It was heartwarming to read the latest Policy Solutions study, “The Hungarian Public and the European Union,” by András Bíró-Nagy, Tibor Kadlót, and Ádám Köves. The 40-page study, chock full of data, was published with financial assistance from the Friedrich Ebert Stiftung, a foundation associated with the Social Democratic Party of Germany.
It doesn’t matter how hard Viktor Orbán has worked to poison the hearts and minds of the Hungarian people regarding the European Union, he hasn’t succeeded. His agitation against the EU, which has been going on for the last six years, has barely made a dent in the Hungarian people’s assessment of the European Union and its institutions. “Trust in the European Union” among Hungarians is still considerably higher than the EU28 average. It is true that in 2010 it was extremely high, 55% as opposed to the EU average of 42%, but five years later the majority of Hungarians still believe in the future of the European Union, which is quite a feat after years of government propaganda.
Hungarians overwhelmingly support the EU and its institutions and most would gladly see further integration, from a common foreign policy to a common defense. Almost 50% of Hungarians would like the euro to be the common currency of all 28 countries, as opposed to the Poles (34%) and Czechs (20%). Sixty-two percent would like to see a common foreign policy. (So, Hungarians don’t want to be a bridge between the EU and Russia!) A common defense is supported by 65%. Although Hungarians are less enthusiastic about a common immigration policy than the EU average, the majority (55%) still support it. And that means that the majority of the Hungarian population want more, not less integration, while the Hungarian government is moving in exactly the opposite direction.
And that’s not all. Despite Viktor Orbán’s nationalistic propaganda, merely 33% consider themselves to be only Hungarians, while the European Union average in this category is 41%. What a pitiful result after the hundreds of speeches extolling the primacy of the nation as the solution for all Hungary’s ills.
This last data point comes from an equally important, uplifting public opinion poll published by Medián, “The opinion of Hungarians and other Europeans about the Union” (Budapest, Spring 2016). It found, most importantly, that 77% of the population support Hungary’s membership in the European Union and only 19% oppose it, and–here comes the surprise–these are better figures than Medián reported in February 2015 (75% versus 24%). After a whole year spent on the migrant crisis, which, thanks to Angela Merkel and the bureaucrats in Brussels, the Hungarian government argued, would result in the disintegration of the European Union and its Islamization, these disobedient or perhaps “deaf” Hungarians still support the European Union.
Only 29% of Hungarians see any reason to hold a referendum on EU membership, as opposed to 58% of Italians, 55% of the French, and 40% of Germans. I wonder whether this also indicates that a large majority of Hungarians might not vote in the referendum that is being held on a bogus question, the compulsory settlement of migrants. If that is the case, “the message” Hungarians are supposed to send Brussels might not be the one the government wants.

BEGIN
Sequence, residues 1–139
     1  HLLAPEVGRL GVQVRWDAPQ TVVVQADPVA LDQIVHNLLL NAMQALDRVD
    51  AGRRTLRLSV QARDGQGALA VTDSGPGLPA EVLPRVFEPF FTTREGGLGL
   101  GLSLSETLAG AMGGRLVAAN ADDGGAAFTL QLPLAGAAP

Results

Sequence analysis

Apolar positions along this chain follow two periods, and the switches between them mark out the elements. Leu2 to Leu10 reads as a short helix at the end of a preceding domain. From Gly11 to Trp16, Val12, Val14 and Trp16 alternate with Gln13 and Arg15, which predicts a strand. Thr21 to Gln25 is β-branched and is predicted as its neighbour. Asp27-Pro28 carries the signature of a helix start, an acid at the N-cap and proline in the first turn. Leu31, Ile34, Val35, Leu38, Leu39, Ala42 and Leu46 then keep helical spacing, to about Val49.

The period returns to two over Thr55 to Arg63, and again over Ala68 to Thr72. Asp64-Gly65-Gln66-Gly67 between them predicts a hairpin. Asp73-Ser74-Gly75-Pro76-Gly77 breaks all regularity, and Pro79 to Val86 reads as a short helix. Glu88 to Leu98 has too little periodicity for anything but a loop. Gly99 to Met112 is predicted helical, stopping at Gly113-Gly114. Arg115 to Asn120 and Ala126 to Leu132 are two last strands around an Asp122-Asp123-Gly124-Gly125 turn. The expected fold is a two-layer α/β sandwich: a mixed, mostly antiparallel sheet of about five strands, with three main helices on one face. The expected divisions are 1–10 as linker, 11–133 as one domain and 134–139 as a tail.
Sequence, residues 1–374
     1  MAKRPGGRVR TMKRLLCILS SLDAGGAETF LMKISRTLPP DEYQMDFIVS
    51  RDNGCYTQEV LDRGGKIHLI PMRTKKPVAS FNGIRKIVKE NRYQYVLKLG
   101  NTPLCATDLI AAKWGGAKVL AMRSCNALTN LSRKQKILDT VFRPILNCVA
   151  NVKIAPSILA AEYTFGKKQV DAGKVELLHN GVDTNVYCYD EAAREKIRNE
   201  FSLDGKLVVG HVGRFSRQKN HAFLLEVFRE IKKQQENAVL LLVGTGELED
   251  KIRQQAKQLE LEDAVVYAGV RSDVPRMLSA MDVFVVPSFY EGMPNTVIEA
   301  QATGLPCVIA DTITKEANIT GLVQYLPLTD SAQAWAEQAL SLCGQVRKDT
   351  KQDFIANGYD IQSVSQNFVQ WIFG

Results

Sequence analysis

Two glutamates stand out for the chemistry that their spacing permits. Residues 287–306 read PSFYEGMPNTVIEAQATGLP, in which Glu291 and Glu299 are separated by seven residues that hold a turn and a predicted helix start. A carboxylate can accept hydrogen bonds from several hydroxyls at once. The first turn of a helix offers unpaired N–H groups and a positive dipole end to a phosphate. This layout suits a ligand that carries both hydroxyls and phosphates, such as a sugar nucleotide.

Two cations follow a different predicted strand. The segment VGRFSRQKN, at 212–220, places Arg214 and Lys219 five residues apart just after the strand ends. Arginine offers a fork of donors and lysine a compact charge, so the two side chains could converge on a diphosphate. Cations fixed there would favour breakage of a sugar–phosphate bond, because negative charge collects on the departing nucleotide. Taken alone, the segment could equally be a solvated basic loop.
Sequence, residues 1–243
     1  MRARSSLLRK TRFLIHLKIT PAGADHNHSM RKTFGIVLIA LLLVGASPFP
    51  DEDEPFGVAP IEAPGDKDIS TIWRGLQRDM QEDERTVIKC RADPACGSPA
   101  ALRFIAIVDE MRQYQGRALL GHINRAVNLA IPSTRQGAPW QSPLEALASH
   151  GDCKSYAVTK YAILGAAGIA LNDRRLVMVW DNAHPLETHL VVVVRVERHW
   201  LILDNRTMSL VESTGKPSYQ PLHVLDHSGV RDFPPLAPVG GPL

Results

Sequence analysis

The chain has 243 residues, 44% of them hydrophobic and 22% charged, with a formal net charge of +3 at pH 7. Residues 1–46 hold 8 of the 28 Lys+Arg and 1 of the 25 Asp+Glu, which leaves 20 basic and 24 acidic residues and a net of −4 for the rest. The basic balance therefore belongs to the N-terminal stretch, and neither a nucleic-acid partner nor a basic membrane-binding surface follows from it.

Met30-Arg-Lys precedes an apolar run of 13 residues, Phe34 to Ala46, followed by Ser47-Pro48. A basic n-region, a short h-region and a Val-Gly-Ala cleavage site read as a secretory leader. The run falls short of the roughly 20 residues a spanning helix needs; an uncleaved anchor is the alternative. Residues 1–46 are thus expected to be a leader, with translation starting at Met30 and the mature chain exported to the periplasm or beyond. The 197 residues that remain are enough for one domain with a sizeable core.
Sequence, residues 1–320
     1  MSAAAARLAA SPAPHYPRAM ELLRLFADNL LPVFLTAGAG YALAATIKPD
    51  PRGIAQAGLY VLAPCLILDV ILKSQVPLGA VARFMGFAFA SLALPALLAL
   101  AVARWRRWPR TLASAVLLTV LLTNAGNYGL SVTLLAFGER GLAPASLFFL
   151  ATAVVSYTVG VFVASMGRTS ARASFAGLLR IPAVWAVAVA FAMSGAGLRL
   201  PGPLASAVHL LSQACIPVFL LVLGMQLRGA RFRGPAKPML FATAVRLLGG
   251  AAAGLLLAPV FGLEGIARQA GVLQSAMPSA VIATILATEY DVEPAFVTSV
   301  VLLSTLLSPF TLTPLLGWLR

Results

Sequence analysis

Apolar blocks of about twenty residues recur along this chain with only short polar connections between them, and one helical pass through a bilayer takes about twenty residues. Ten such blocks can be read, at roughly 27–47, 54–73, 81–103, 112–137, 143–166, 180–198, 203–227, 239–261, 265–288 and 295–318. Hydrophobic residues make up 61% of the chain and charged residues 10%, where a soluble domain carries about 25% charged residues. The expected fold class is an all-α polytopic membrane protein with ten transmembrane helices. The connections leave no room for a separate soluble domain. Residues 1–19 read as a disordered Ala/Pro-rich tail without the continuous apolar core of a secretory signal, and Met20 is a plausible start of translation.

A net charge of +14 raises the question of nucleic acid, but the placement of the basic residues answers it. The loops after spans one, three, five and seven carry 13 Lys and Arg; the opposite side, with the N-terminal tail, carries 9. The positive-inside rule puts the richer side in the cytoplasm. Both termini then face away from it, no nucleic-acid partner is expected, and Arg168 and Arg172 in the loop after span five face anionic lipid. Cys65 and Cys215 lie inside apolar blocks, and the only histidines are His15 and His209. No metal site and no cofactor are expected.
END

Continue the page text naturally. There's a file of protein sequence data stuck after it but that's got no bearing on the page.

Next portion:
At the same time, Hungarians’ trust in their own parliament has declined considerably. It is worth taking a closer look at this phenomenon. In 2010 only 46% of Hungarians had doubts about the competence of members of parliament, as opposed to the EU27 average of 60%. I assume this optimism had something to do with the great expectations that preceded Fidesz’s enormous electoral victory that year. But look at what happened five years later: 60% of Hungarians today have no trust in the parliament. The same is true about “trust in the national government.” Between 2010 and 2015 the percentage of those who have no trust in the Orbán government has risen from 41% to 61%. These are dramatic changes, especially if we look at the EU average for those two years, where there is no appreciable difference. The percentage of dissatisfied citizens was large in 2010 and it is large now (65%). The dramatic change that occurred in Hungary speaks volumes about disapproval of the Orbán government, something that has yet to show up in the monthly opinion polls.
As for European-wide institutions, Hungarians on the whole have greater trust in them than in the Hungarian parliament and government. In fact, when it comes to the European Parliament, 43% of the people think that in the future it should play a larger political role than it does currently. Although enthusiasm for the European Parliament was much higher in 2010 (61%), Hungarians are still more positive regarding it than are the citizens of other countries in the region (Slovakia 37%, Poland 40%).
As for optimism concerning the future of Europe, again, Viktor Orbán hasn’t succeeded in changing the opinions of Hungarians. The figures between 2010 and 2015 haven’t changed at all. About 50% are optimistic and 47% pessimistic, while the rest have no opinion.
What can we learn from all this? First, the Orbán government’s propaganda against the European Union hasn’t succeeded. Second, dissatisfaction with the current government would seem to be much greater than what we see on the surface. But dissatisfaction may not translate into change. The electoral law that Orbán’s government enacted to ensure its longevity will make that exceedingly difficult. Moreover, and even more important, as long as there is no viable alternative–just a fractured opposition–by default Hungarians will vote for the only force that, for better or worse, seems to be in a position to carry on with the affairs of state.